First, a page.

Republican presidential candidate Mitt Romney accused President Obama on Wednesday of caring more about his own job security than about creating jobs for millions of unemployed Americans.
While pressing his case against the Democrat, Romney showed no sign of caving into mounting pressure for him to release more of his tax returns.
Campaigning in Ohio, a state key to the political fates of both contenders, Romney said the president in the past six months has held more than 100 fundraisers for his re-election campaign and no meetings with his jobs council.
Romney is trying to portray Obama as out of touch with the economic pain afflicting millions of people, while shifting the focus from his personal finances.
"His priority is trying to keep his own job, and that's why he's going to lose it," Romney declared.
Having spent most of Tuesday courting donors across Texas, Obama was at the White House on Wednesday. He will head out today on a two-day campaign swing through Florida.
Democrats have pressed for the release of more of Romney's tax returns and have hounded him about discrepancies over when he left his private equity firm, Bain Capital.
"If you're going to run for president, it's not necessarily comfortable but it has become a tradition and it's an important one, you make your tax returns available because you think the American people deserve that kind of transparency," Obama spokesman Jay Carney told reporters at the White House on Wednesday.
House Speaker John Boehner, R-Ohio, took a rare step into the presidential race Wednesday, saying Obama's criticism of Romney's career and taxes are meant to distract from the administration's handling of the economy.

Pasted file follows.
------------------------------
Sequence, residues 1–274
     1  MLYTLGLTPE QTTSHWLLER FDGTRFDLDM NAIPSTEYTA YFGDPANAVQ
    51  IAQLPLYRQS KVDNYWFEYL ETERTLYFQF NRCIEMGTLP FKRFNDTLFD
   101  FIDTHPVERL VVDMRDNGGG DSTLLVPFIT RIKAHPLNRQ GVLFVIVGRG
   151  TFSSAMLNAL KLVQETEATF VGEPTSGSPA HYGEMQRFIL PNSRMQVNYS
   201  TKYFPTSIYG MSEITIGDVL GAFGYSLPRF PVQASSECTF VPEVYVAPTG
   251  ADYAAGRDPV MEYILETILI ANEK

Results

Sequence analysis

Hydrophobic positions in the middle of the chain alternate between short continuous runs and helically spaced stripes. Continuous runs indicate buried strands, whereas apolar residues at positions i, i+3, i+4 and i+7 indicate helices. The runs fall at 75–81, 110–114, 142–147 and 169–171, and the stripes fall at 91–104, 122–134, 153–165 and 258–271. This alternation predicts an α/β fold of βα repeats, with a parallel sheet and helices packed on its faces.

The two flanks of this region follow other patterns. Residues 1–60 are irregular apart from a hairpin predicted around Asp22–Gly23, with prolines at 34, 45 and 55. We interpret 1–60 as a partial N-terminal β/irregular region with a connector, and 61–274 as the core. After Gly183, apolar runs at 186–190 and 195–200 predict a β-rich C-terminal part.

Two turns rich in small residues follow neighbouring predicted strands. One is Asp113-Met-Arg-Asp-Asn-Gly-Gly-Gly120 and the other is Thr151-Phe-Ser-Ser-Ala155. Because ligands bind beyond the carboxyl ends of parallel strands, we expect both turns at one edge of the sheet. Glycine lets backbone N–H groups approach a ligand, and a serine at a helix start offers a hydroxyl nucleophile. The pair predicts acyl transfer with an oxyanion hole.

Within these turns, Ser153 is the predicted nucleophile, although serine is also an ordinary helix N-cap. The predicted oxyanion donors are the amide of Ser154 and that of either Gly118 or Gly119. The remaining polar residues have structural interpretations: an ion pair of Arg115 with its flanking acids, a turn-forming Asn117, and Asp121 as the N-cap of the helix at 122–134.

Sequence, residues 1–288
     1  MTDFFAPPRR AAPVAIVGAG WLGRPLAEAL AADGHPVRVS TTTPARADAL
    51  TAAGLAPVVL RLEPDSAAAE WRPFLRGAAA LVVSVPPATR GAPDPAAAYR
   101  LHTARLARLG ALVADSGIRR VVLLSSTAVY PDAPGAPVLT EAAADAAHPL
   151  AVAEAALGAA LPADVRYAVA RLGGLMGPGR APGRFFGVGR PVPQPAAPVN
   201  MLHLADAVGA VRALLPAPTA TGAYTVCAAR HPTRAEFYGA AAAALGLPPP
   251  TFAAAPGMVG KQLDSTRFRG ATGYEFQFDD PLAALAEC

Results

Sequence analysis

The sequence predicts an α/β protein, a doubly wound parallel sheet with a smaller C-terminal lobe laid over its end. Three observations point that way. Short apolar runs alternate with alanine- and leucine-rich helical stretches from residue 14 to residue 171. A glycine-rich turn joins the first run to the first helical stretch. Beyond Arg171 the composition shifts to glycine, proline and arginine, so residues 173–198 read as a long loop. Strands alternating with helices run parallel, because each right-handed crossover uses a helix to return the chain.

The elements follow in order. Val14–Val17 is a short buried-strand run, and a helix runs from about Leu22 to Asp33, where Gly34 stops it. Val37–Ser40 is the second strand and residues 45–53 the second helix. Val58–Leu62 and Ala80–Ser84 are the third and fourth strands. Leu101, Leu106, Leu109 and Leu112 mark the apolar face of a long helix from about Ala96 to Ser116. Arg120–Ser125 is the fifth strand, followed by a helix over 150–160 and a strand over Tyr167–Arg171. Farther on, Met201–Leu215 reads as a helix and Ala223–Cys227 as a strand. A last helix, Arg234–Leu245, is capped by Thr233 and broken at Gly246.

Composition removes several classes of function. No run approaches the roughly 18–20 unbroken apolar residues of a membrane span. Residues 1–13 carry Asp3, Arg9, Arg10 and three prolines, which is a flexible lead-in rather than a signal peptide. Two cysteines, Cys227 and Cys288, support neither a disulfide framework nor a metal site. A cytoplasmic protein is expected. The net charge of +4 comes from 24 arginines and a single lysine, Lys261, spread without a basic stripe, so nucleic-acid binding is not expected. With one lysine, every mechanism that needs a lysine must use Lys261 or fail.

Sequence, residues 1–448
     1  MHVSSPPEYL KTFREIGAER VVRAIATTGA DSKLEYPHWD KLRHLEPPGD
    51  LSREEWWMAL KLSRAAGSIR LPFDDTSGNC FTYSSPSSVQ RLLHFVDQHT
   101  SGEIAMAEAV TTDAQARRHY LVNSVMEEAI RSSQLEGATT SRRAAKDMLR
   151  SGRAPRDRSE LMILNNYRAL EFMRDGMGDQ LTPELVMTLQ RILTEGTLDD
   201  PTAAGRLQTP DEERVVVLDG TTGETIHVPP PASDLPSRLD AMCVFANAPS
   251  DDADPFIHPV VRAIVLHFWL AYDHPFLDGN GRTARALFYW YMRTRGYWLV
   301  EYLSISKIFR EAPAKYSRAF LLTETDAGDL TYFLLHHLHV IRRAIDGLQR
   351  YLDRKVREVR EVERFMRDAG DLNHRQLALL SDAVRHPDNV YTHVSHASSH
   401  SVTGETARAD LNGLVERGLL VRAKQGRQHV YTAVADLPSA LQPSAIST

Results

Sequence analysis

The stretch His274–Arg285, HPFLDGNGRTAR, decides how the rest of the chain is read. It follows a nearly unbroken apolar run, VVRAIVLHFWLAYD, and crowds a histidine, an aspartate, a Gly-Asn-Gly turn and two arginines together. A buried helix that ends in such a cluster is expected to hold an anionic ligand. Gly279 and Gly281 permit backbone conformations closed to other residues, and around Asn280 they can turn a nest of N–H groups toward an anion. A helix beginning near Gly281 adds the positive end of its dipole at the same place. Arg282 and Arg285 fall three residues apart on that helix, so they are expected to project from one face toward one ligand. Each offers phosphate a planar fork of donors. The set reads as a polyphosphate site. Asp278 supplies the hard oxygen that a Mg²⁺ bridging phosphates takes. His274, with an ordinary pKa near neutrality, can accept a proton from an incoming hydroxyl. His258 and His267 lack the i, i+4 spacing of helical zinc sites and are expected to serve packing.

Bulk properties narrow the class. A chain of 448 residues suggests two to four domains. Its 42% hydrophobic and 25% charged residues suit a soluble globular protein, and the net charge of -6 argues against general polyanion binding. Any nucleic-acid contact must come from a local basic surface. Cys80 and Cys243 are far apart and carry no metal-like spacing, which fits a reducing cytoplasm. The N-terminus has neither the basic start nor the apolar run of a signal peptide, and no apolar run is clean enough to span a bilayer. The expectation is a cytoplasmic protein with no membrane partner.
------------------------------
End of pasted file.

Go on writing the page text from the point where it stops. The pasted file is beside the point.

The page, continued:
Boehner said Obama's questions are an "attack on the private sector" and show he "doesn't give a damn about middle-class Americans who are out there looking for work."
Boehner also warned those, including fellow Republicans who increasingly are calling on Romney to make more of his past tax returns public.
"The American people are asking, 'Where are the jobs?' " Boehner said. "They're not asking where the hell the tax returns are. It's not about tax returns. It's about the economy."
After being on his heels for several days over taxes and his Bain record, Romney launched an aggressive counterattack this week, punctuated by biting speeches, conference calls and a TV ad Wednesday accusing Obama of "crony capitalism." The ad says Obama sent stimulus money to "friends, donors, campaign supporters and special interest groups" and charges that taxpayer dollars went to projects in Finland and China.
The attacks marked a substantial escalation for the often-reserved Romney, who has struggled to answer questions about his business career and personal tax returns. Romney who would be among the nation's wealthiest presidents if elected, so far has released just one year of personal income tax returns and promised to release a second.
That's a stark deviation from a tradition created in part by his father, George Romney, released 12 years of his returns during his 1968 presidential campaign.
Several prominent Republicans have joined Democrats in pushing Romney to release more tax returns.
Former Minnesota governor Tim Pawlenty, who features prominently in speculation about Romney's choice for a running mate, vigorously defended Romney's limited tax release.
"There is no claim or no credible indication that he's done anything wrong," Pawlenty said Wednesday on CBS This Morning.
Pawlenty accused Obama's campaign of "hanging shiny objects before the public and the press, and the press is taking the bait."
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